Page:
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To catch variants like omicron, the world needs to sequence way more virus genes

The US’s genome sequencing system has improved, but surveillance is dangerously inadequate in much of the world.

Two people in lab coast, face masks, and surgical gloves work in a lab with pipettes and test tubes.
Researchers around the world are sequencing the genome of the SARS-CoV-2 virus that causes Covid-19 in order to stay ahead of new variants.
Antonio Masiello/Getty Images
Umair Irfan is a correspondent at Vox writing about climate change, Covid-19, and energy policy. Irfan is also a regular contributor to the radio program Science Friday. Prior to Vox, he was a reporter for ClimateWire at E&E News.

The omicron variant of the coronavirus has already shown up in more than 20 countries and it was in the United States by late November, health officials announced on December 1. A traveler who returned to California from South Africa was infected with the variant, which is also known to scientists as B.1.1.529.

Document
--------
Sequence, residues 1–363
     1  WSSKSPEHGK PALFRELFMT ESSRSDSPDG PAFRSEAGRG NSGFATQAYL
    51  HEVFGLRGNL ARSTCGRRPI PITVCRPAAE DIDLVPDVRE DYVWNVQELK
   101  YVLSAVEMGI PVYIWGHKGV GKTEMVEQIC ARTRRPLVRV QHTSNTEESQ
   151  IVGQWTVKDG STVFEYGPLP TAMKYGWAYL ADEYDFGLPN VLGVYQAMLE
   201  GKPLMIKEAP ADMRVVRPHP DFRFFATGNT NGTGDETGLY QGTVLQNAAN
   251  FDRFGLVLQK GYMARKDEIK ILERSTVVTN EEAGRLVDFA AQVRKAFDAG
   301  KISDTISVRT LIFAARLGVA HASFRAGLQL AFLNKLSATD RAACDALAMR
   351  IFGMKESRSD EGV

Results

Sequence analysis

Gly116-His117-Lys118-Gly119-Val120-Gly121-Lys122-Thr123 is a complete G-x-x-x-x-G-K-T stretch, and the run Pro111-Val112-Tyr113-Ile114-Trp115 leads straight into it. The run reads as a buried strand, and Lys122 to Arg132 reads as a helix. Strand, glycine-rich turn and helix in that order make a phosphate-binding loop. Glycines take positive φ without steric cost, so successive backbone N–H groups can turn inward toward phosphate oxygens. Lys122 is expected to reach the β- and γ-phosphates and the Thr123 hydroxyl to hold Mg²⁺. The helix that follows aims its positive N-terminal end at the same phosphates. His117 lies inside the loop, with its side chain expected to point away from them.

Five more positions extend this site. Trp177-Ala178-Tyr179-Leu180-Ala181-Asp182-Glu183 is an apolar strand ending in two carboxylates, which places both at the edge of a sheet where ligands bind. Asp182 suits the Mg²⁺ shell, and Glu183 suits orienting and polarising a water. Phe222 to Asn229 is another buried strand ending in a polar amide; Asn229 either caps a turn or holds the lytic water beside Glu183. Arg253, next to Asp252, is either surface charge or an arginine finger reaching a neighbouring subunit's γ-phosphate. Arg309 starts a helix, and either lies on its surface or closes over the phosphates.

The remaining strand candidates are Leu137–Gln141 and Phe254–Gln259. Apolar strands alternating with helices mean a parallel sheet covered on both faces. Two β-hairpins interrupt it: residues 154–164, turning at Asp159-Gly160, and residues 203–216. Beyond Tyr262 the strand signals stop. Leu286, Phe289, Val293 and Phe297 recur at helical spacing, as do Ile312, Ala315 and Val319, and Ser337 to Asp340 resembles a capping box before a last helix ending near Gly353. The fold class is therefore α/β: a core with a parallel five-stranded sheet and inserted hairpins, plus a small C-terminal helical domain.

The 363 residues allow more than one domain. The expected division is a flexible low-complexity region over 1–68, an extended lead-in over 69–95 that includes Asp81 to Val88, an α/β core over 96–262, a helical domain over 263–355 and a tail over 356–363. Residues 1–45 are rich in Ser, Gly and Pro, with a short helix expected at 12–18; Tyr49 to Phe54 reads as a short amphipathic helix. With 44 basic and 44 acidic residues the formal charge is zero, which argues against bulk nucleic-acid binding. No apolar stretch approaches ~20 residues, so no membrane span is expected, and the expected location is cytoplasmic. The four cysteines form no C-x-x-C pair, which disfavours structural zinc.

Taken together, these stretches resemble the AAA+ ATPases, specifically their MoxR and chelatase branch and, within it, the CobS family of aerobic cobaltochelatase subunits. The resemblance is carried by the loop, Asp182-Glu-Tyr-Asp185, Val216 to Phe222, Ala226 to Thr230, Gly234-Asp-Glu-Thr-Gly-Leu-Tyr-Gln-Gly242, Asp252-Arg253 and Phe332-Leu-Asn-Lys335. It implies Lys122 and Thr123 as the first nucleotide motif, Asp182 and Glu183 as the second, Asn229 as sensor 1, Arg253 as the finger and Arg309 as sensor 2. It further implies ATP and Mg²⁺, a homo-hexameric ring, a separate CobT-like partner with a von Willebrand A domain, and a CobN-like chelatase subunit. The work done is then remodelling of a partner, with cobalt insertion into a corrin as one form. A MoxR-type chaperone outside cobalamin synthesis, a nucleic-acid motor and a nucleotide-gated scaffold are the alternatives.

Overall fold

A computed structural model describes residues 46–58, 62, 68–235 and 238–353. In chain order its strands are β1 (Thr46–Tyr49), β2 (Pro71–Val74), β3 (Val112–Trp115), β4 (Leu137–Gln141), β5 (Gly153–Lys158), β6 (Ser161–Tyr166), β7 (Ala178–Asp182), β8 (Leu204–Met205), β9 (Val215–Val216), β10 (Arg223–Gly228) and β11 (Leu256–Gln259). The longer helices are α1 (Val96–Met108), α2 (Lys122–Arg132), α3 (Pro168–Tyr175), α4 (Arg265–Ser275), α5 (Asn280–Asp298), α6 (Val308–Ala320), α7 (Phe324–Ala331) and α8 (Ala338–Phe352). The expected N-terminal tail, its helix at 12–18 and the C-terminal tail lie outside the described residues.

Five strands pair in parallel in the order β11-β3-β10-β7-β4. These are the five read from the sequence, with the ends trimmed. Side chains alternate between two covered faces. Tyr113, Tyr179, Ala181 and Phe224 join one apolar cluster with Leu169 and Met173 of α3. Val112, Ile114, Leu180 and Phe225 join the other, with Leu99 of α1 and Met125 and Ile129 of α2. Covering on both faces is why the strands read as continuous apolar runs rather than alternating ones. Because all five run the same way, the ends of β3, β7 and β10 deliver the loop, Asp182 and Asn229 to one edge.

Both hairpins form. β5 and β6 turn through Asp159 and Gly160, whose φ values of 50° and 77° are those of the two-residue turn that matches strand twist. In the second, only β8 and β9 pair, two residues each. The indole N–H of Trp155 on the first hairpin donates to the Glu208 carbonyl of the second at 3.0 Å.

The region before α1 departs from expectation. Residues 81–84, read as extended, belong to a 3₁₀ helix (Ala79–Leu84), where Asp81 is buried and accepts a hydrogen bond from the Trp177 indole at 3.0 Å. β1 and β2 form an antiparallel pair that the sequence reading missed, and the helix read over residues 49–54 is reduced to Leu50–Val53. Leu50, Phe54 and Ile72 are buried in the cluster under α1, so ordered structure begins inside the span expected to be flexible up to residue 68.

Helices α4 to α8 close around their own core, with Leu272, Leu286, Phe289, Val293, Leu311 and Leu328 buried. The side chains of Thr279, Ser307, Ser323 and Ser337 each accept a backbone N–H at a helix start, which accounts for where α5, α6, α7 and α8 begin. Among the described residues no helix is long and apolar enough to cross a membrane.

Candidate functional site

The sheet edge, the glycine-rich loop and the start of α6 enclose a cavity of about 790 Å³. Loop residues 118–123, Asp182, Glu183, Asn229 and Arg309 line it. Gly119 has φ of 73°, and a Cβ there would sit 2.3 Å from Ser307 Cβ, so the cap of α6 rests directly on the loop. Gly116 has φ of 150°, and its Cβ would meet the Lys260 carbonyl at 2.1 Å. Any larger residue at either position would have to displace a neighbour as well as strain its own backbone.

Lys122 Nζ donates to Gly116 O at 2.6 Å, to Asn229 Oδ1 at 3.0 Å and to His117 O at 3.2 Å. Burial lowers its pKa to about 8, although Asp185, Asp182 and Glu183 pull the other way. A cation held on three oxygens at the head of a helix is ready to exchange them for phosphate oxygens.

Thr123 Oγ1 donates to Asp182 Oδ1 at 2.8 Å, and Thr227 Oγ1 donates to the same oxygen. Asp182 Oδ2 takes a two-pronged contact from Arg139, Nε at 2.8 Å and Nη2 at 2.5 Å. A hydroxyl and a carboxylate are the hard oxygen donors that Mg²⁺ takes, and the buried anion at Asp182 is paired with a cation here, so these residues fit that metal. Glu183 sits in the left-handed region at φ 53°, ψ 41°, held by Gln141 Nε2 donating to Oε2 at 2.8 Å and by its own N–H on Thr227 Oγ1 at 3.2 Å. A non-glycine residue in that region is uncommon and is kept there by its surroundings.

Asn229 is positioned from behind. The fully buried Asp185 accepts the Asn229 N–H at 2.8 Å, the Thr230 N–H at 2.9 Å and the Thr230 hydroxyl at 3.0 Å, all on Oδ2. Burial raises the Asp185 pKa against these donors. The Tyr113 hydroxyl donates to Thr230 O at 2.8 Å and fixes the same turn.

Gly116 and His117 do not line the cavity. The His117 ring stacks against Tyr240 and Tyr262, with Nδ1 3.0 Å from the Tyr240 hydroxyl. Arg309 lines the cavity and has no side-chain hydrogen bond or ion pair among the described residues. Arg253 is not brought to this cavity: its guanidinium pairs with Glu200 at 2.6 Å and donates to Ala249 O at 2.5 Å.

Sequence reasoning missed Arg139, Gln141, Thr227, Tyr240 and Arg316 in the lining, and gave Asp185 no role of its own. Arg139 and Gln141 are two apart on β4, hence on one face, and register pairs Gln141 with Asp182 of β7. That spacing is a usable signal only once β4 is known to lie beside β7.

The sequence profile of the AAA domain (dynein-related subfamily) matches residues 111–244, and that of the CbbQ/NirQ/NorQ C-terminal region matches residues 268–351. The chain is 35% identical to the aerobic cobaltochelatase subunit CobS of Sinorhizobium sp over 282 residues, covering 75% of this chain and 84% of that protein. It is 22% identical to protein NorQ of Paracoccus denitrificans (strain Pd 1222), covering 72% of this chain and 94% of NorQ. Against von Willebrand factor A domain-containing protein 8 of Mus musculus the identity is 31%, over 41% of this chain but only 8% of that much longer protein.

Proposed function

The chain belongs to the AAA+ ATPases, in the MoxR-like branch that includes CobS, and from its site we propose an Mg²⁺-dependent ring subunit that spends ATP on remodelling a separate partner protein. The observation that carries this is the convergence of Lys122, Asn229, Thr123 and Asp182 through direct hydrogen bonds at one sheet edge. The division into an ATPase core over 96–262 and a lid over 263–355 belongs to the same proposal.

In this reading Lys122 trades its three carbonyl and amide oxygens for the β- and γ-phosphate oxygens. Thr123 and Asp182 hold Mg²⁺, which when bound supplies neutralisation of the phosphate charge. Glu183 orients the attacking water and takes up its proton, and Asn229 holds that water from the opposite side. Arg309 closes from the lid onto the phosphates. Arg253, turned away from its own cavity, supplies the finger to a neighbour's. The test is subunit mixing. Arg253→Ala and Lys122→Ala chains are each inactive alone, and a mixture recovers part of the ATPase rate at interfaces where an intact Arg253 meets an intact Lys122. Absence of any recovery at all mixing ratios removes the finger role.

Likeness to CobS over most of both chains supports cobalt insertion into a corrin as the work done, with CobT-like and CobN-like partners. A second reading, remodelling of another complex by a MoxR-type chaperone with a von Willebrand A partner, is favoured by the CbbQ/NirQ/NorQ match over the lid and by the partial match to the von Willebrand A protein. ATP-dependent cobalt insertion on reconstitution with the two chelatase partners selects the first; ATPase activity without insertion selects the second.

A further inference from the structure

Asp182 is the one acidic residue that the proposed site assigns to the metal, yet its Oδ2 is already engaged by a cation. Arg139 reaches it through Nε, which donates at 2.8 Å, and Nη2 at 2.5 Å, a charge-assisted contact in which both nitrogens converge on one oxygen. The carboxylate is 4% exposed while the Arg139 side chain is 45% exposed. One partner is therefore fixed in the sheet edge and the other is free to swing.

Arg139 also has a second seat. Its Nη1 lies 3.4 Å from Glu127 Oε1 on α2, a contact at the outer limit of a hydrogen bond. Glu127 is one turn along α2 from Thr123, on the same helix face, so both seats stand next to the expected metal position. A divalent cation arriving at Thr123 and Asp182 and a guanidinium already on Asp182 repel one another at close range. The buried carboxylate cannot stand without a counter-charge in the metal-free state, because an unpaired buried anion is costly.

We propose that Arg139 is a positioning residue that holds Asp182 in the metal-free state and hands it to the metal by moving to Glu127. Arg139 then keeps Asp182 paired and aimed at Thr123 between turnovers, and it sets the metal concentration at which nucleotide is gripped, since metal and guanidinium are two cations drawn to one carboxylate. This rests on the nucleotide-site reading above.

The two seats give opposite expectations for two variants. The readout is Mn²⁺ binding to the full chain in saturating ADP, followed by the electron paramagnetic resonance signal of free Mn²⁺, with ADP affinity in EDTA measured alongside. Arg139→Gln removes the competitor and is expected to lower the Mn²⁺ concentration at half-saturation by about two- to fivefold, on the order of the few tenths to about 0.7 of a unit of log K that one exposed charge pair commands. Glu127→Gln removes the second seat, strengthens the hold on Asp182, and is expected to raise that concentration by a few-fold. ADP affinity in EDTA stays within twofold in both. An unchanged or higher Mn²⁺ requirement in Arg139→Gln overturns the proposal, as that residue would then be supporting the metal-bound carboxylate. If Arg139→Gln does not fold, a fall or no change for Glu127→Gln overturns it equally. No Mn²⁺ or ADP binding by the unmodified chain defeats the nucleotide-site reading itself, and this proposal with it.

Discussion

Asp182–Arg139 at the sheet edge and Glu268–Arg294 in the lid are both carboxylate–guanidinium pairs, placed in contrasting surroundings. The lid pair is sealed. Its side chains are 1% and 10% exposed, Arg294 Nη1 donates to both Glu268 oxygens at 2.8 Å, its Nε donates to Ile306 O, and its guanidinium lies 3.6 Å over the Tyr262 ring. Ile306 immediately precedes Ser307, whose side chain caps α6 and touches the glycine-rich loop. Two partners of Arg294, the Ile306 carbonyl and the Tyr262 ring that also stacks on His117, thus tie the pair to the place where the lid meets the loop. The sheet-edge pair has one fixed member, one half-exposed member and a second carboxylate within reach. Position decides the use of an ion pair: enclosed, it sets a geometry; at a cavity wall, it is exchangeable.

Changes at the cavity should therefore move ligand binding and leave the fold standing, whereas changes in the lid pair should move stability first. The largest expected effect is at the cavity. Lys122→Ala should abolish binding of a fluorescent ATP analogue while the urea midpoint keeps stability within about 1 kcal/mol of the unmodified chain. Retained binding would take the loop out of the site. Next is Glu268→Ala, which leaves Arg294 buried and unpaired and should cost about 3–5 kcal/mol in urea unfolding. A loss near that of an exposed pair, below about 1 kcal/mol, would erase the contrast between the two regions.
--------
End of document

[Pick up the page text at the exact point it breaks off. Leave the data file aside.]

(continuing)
“The individual was fully vaccinated and experienced mild symptoms, which are improving at this point,” Anthony Fauci, head of the National Institute of Allergy and Infectious Disease, said during a White House press conference on Wednesday. “So this is the first confirmed case of Covid-19 caused by the omicron variant detected in the United States.”

Omicron may be more transmissible than other versions of the virus, and its arrival adds huge urgency to genome sequencing efforts. By looking at the genes that code for the virus, scientists can distinguish the various strains of SARS-CoV-2, the coronavirus that causes Covid-19. They can often trace where it came from and anticipate some of the traits that set it apart, like how readily it could spread or how easily it could evade our immune systems.